Press Release: London, September 8 2008 – ‘Devon property raffle illegal’ says gambling law expert as Gambling Commission’s stance sees more raffles spring up nationwide.
Owners of a £1m property in Devon recently caused a media frenzy when they decided to raffle their home for £25 per ticket. The raffle has been positioned as a ‘prize competition’ with an entry question designed to circumnavigate complex gambling laws.
However, according to gambling law expert Antoinette Jucker of Pinset Masons, the Devon property raffle is illegal and warrants investigation.
"I think this is an illegal lottery. The Gambling Commission should take an interest in this," she said. "If they don't do anything, others will do the same thing, raffling houses or cars or anything else that they're struggling to sell."
Blanket media coverage of the Devon raffle has already resulted in copycat schemes cropping up nationwide, including raffles for properties ranging from a few hundred thousand to millions of pounds. For example, one raffle emerged recently offering a £5m ‘prize’ of a property, business and Harley Davidson motorbike. Another hopes to raise over £2m by raffling 5 properties worth about £1m.
According to the Gambling Commission’s guidance on Prize Competitions and Free Draws the test for a scheme to qualify as a prize competition is whether the “skill, knowledge or judgment criterion can reasonably be expected to either:
- prevent a significant proportion of people who wish to participate from doing so (section 14(5)(b) of the Act); or
- prevent a significant proportion of people who participate from receiving a prize ((section 14(5)(a)).”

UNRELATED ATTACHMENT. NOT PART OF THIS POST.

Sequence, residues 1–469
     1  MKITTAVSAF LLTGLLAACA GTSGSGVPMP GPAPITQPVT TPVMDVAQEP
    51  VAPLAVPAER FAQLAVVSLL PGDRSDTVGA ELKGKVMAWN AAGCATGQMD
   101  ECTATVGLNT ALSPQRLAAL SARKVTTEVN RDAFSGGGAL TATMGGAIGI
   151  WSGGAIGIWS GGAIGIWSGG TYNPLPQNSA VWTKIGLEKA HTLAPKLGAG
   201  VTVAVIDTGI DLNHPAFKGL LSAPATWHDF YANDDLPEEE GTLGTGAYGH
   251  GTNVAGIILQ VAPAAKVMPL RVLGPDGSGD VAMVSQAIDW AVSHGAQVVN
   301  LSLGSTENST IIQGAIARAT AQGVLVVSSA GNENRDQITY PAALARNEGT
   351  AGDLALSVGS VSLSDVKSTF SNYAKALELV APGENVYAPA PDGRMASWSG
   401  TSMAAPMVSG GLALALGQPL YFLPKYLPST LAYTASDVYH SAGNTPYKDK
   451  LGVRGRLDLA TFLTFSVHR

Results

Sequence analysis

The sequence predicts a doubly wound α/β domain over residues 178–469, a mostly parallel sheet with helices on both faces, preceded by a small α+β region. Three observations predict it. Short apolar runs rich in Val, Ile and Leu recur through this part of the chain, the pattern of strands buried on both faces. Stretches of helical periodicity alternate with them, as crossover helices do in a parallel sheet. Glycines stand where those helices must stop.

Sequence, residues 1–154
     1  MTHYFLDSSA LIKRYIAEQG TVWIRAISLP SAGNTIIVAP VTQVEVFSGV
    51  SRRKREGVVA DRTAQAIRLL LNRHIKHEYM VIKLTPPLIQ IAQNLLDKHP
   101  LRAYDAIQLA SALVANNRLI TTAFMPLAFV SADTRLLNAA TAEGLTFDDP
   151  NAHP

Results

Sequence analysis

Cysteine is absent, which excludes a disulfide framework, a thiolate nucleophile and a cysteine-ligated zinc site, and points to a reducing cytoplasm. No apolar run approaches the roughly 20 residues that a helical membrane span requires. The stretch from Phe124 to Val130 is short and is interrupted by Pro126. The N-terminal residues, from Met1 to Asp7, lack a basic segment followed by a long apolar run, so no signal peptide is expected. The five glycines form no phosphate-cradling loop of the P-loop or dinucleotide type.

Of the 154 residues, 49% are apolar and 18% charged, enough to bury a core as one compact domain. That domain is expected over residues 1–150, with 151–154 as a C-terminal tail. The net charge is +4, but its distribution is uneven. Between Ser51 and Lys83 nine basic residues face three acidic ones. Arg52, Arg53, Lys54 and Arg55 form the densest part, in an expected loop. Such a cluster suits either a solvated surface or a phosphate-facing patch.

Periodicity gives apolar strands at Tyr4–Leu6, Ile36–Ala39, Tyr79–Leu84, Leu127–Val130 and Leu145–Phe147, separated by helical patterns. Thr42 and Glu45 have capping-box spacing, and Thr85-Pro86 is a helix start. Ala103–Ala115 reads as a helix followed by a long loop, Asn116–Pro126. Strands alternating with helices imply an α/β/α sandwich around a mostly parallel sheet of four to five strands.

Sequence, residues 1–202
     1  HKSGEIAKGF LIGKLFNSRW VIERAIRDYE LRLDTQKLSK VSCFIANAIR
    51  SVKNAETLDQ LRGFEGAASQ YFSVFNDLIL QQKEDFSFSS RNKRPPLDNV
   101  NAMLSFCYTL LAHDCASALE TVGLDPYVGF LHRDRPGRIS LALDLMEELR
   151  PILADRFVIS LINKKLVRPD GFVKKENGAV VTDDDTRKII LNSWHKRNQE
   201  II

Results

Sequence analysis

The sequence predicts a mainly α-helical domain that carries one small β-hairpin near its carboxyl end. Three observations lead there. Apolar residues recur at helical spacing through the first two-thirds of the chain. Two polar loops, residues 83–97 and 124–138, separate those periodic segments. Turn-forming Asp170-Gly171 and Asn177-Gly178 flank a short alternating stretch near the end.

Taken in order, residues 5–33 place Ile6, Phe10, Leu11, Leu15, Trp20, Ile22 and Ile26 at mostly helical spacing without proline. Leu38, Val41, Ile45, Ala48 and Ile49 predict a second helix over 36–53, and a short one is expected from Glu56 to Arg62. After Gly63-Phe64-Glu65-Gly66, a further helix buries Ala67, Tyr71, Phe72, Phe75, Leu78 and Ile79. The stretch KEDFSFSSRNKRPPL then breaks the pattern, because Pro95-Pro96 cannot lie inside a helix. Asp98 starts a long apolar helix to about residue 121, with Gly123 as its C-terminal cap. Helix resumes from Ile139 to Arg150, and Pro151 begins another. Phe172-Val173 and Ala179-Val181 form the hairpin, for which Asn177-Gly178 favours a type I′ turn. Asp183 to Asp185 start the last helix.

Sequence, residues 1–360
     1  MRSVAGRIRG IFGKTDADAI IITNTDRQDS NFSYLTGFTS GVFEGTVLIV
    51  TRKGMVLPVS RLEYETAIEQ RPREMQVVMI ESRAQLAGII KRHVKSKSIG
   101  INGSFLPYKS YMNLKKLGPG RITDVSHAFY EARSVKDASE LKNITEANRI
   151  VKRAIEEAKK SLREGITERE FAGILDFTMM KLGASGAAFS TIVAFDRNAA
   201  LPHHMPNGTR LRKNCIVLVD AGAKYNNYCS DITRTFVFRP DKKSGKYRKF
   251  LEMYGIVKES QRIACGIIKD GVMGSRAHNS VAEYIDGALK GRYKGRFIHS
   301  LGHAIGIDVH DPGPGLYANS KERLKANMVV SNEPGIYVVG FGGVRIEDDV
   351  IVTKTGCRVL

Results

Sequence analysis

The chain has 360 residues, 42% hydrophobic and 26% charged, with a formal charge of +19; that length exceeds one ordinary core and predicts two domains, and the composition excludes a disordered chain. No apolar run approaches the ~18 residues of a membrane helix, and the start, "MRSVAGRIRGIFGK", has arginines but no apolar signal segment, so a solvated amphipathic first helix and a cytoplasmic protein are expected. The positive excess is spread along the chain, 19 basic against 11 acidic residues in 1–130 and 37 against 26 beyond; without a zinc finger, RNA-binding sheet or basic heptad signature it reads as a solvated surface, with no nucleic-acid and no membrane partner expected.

The same guidelines also outline how any competition must “provide evidence of compliance, for instance by demonstrating from their records that a significant proportion of entrants either in that competition or previous similar ones had got the answers wrong.”
The question posed by the couple raffling the Devon property is “What is the cost of an adult full season coarse fishing licence for 2008/2009?”
Entrants are posed this question before any registration process or ticket payment. This means entrants have unlimited opportunities to find the correct answer, which can easily be found by cutting and pasting the question into Google.
Asmat Monaghan has spent two years developing Humraz (www.humraz.com) – a reverse auction that complies with all Gambling Commission competition guidelines.
Mrs Monaghan wrote an email to the Gambling Commission to query the compliance of the Devon property raffle. The Commission responded that it qualified as a prize competition because it “is clear that a person is not eligible to enter the draw without answering the question correctly, which stops it being a lottery.”
Mrs Monaghan was surprised and amused by the Commission’s response. “It seems a strange interpretation of the Act, not to mention their own guidance,” she says. “The Devon property raffle cannot prove that the skill required actually deters people from participating.
“With Humraz we have worked hard to develop something that is unique, fun and does not rely on chance,” continues Monaghan. “It was important to us that we complied with the Gambling Act, so we didn’t even consider schemes that pay lip service to it.
“It now seems you can transform an illegal lottery into a prize competition by simply asking a single question just before you sell the tickets.”
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